It may take time for you as well as for your child to be able to accurately tell when he is physiologically hungry. If your child is used to eating because "it is time to eat," getting him to ignore the clock and connect eating with hunger will take some work. You should begin by letting him know that he is no longer restricted to eating at mealtimes but can eat whenever his stomach feels hungry.

"Basically," the authors contend, "you will be encouraging your child to relearn what he knew as an infant -- to recognize the feeling and to eat when hunger is felt."

What Do You Want to Eat?

When you first ask your child what he wants to eat, you'll probably get requests for food he thinks you will not approve of. "Testing of this sort will continue until the child is sure you are not going to withhold certain foods," the authors write. "Keep in mind that hunger has two aspects. There is, first, the feeling of emptiness inside. Second, you need to identify exactly what kind of food will most satisfyingly meet the hunger pang: the 'specific hunger.'

"Your child must learn, as adults do, how to read his hunger. Much of the overeating that people do is caused by the failure to recognize what exactly it is that they are hungry for. No amount of consumption of the wrong foods -- for example, sweets when pasta is desired -- will bring satisfaction. Your child will eat proper amounts of food if he is fed what his hunger craves," the authors write.

Sometimes a child needs help in deciding what food he is really hungry for. Try asking if he wants something hot or cold, and you've already narrowed the field, the au- thors suggest. Try to determine if he needs protein, carbohydrates, fruits or vegetables.

What happens if your child decides to eat nothing but gumdrops? "It has been our experience that whenever gumdrops are treated like celery, they are not eaten in excess by children. You must remove the 'forbidden' label attached, in this case, to gumdrops. It is the 'forbidden' quality of a particular food that makes it so attractive and desirable," Hirshmann said.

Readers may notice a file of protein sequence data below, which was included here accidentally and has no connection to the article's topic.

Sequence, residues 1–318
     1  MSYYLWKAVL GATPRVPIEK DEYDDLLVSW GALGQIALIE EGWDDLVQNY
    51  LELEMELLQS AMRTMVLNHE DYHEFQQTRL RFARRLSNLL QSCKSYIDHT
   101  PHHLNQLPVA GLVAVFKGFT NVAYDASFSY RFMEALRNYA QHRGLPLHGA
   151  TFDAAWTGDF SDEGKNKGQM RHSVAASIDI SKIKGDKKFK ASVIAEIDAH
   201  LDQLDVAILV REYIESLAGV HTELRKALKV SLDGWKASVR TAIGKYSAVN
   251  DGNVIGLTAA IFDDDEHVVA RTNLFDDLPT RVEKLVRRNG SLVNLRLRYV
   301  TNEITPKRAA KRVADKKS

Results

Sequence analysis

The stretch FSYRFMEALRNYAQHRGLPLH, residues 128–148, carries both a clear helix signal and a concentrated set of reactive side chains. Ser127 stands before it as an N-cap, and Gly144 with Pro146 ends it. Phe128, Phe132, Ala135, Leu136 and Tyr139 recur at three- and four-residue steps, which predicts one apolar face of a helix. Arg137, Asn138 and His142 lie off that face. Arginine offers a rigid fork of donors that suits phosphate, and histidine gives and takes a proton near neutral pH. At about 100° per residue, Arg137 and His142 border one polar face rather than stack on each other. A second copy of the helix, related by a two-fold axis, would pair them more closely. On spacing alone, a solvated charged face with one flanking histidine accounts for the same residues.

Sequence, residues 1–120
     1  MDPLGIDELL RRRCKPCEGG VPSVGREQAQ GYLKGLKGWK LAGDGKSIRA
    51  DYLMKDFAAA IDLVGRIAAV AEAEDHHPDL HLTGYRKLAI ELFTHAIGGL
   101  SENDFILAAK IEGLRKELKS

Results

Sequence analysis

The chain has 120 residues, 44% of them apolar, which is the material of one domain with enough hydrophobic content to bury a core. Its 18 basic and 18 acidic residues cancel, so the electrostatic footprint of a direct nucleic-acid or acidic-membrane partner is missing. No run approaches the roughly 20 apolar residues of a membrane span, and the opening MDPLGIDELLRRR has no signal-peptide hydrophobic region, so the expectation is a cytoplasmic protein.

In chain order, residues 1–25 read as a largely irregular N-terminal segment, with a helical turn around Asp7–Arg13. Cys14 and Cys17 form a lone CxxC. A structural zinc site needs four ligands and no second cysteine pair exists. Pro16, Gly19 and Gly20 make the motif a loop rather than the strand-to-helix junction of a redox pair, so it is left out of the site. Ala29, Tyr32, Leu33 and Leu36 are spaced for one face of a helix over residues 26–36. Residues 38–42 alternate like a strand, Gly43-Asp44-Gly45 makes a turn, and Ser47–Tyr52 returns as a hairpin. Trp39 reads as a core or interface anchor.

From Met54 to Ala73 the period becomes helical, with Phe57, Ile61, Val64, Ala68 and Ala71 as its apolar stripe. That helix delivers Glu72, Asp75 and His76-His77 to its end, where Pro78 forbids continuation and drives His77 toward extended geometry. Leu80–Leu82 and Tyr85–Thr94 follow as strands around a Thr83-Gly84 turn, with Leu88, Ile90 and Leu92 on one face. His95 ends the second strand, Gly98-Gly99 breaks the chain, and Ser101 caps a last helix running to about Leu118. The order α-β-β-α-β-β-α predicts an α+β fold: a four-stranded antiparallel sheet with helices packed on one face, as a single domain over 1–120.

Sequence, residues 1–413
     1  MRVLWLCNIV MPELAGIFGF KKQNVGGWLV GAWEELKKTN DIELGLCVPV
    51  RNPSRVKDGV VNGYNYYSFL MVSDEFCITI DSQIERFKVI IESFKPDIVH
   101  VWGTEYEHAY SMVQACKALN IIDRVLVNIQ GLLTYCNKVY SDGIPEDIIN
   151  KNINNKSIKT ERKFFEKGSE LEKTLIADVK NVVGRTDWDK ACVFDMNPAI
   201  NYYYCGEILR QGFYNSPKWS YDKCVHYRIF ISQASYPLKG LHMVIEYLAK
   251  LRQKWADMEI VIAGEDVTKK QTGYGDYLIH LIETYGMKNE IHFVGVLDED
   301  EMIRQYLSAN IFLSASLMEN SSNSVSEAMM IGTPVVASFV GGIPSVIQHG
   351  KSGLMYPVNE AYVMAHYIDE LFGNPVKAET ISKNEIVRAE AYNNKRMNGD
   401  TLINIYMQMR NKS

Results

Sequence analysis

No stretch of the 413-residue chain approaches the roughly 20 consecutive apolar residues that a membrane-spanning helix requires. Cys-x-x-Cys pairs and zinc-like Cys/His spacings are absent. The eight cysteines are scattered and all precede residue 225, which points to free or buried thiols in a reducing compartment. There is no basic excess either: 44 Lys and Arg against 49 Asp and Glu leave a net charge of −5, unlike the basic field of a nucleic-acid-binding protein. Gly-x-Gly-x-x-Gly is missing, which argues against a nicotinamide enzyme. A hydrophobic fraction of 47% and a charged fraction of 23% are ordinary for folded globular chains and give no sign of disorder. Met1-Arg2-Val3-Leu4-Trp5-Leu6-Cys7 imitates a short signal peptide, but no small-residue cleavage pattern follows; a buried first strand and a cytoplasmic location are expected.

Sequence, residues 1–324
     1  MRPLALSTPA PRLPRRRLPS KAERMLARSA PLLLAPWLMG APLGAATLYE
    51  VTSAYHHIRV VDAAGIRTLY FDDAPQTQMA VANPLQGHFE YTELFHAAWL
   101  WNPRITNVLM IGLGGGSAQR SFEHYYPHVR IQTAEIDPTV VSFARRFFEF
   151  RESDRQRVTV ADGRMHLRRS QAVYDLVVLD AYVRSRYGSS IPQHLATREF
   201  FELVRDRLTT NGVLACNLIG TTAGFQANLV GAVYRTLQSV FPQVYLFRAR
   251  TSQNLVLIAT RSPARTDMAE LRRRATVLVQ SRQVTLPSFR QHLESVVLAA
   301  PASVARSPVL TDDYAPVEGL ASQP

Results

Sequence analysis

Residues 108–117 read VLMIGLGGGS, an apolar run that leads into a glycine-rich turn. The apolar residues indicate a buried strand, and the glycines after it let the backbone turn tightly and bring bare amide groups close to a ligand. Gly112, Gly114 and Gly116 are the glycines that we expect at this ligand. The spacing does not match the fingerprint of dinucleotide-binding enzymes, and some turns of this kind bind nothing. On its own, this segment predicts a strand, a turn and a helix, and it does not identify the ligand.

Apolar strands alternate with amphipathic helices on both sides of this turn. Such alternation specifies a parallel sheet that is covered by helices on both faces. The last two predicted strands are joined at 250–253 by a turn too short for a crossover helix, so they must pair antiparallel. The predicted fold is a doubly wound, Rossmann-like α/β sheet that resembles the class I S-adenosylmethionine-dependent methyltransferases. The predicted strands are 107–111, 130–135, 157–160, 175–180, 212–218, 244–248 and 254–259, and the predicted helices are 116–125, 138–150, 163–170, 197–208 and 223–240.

Are You Full?

This may sound like an unusual question, but it's a very important one. It helps the child learn that after he matches his hunger with a food of his choosing, he can stop eating once he's full. In order to learn when to stop, the child has to feel sure that there is more than enough available for him. If there is an ample supply, he will have to determine from inside when to stop. "Let's say your son likes potato chips. There should be more bags of potato chips available than he can eat at one time," they write. "Perhaps four bags would be right for a start. He will have to look at that sea of potato chips and really decide from the vantage point of plentitude how much will be enough. It will no longer be possible simply to eat until it's all gone. Nor will it be necessary to gobble up whatever he can in order to ensure getting his share. Of course, supplies should be replenished when they are getting low so that the child does not select a food simply because he is fearful that there won't be more later."

Give each child a shelf or an area where he can keep specific foods that are important to him, the authors suggest. A vegetable bin in the refrigerator and a shelf in the pantry that are exclusively his will make your child feel important, and will instill a sense of responsibility both about eating and about knowing when to stop.

"Too often, fullness is determined by external cues," Hirschmann said. "A very common cue is allowing what's on the plate to determine fullness. For a child this means that the portion served is supposed to match the hunger. And more often than not, this isn't necessarily so. Parents must be willing to provide second portions and be willing to wrap up uneaten food."

"The message," she stressed, "should always be: 'Eat until you are full.' ".